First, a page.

---------------------------------------------------------------------
|   0|SELECT STATEMENT               |                 |  208K|  414|
|*  1| HASH JOIN                     |                 |  208K|  414|
|   2|  NESTED LOOPS                 |                 | 3132 |  207|
|   3|   NESTED LOOPS                |                 | 3132 |  207|
|*  4|    TABLE ACCESS FULL          |D1               |    1 |   58|
|*  5|    INDEX RANGE SCAN           |F1_IDX2          | 3132 |    9|
|   6|   TABLE ACCESS BY INDEX ROWID |F1               | 3132 |  148|
|   7|  VIEW                         |VW_BUSHY_A9E4AA31| 3132 |  207|
|   8|   NESTED LOOPS                |                 | 3132 |  207|
|   9|    NESTED LOOPS               |                 | 3132 |  207|
|* 10|     TABLE ACCESS FULL         |D2               |    1 |   58|
|* 11|     INDEX RANGE SCAN          |F2_IDX2          | 3132 |    9|
|  12|    TABLE ACCESS BY INDEX ROWID|F2               | 3132 |  148|
---------------------------------------------------------------------

Predicate Information (identified by operation id):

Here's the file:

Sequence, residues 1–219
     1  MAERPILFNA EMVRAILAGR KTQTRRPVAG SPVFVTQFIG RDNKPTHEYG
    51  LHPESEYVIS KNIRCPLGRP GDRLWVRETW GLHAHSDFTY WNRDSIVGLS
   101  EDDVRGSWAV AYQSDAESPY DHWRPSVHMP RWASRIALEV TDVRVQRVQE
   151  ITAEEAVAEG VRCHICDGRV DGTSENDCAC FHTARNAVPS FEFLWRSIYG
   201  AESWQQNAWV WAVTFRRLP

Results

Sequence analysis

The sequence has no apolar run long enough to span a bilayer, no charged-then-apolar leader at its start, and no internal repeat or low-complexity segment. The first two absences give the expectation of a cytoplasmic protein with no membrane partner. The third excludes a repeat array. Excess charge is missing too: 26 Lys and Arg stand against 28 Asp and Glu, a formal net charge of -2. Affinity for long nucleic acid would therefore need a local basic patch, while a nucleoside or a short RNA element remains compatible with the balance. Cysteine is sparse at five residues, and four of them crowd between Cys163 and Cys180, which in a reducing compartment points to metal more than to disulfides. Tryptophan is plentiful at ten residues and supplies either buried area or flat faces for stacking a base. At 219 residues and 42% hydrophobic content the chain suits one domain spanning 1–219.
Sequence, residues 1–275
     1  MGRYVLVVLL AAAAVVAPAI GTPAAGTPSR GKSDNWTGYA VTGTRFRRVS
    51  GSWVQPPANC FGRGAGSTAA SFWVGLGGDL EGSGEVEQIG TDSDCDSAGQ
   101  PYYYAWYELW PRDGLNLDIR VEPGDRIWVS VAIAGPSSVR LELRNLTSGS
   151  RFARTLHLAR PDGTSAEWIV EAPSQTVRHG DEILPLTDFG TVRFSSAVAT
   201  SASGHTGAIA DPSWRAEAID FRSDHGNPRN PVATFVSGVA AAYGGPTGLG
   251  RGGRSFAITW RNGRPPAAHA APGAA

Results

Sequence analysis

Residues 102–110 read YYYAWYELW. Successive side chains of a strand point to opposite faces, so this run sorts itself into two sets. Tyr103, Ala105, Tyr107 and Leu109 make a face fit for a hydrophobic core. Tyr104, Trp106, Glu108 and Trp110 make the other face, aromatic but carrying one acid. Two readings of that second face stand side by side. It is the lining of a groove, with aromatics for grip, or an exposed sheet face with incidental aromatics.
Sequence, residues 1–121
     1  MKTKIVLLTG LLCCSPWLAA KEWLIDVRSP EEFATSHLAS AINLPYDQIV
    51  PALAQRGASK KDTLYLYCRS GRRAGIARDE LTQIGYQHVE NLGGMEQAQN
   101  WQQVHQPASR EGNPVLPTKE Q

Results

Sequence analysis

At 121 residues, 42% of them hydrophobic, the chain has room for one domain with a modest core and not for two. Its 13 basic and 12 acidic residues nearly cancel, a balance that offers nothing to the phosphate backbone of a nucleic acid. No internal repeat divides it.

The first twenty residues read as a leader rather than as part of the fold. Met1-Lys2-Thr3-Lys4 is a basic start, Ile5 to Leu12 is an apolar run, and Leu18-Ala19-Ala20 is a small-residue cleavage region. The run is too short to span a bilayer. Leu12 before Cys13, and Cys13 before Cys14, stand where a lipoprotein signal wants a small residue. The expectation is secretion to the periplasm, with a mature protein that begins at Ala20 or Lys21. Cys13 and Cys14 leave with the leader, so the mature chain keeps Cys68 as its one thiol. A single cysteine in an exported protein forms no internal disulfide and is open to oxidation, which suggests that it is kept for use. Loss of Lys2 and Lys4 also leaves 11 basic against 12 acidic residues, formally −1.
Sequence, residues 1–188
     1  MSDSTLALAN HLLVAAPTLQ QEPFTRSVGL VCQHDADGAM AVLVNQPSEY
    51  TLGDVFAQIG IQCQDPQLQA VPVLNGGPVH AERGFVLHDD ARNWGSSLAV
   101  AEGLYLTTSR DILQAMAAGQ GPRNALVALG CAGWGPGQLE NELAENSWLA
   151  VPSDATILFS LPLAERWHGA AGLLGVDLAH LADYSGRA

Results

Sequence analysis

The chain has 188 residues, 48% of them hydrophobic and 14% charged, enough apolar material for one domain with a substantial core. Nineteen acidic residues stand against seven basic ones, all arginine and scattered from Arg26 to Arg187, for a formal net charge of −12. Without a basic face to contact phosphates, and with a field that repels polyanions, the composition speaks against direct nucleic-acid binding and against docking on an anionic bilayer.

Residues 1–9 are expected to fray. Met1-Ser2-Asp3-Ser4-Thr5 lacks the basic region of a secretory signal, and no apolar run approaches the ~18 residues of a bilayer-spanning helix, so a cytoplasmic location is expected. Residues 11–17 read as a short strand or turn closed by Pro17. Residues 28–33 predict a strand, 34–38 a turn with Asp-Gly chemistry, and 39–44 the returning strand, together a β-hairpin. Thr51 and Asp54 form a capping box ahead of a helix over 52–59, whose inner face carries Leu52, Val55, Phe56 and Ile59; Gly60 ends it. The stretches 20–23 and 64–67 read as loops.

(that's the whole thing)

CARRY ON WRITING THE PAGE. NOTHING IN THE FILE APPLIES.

---------------------------------------------------
   1 - access("F1"."OBJECT_TYPE"="ITEM_1")
   4 - filter("D1"."OBJECT_ID"=123)
   5 - access("D1"."OBJECT_TYPE"="F1"."OBJECT_TYPE")
  10 - filter("D2"."OBJECT_ID"=456)
  11 - access("F2"."OBJECT_TYPE"="D2"."OBJECT_TYPE")

From the execution plan D1 and F1 are joined together first and the result is then joined with [the result of the join between D2 and F2].
In this case this is a good idea since the two large fact tables are joined together without any dimension in between, thus the filtering introduced by the two dimensions cannot be applied before a large (and filtered) fact table is joined with another large (and not filtered) fact table. Btw what I just said is a bit incorrect since a merge join cartesian between the two dimensions wouldn’t be a too bad idea in this case (it’s actually what the CBO does once Bushy Joins are disabled).

Let’s take a look under the hood, aka 10053 trace 🙂
As mentioned before Bushy Joins is a CBO transformation, plugged into CBQT framework.
For some more details about the whole transformation stuff you can look here
(Notice I skipped a few lines in the output just to make it shorter, the skipped content was either blank or not important here)
The first interesting bit is the query block is copied (1066), it’s nothing new but it’s worth noticing. Also interesting are lines 1074 and 1075 with the same message and a bit of grammar puzzle.

 1064 BJ: Checking validity for bushy join for query block SEL$1 (#1)
 1066 Registered qb: SEL$1 0x22686940 (COPY SEL$1)
 1071 ****************************************
 1072  Cost-Based Bushy Join
 1073 ****************************************
 1074 BJ: Checking validity of bushy join for query block SEL$1 (#1)
 1075 BJ: Checking validity for bushy join for query block SEL$1 (#1)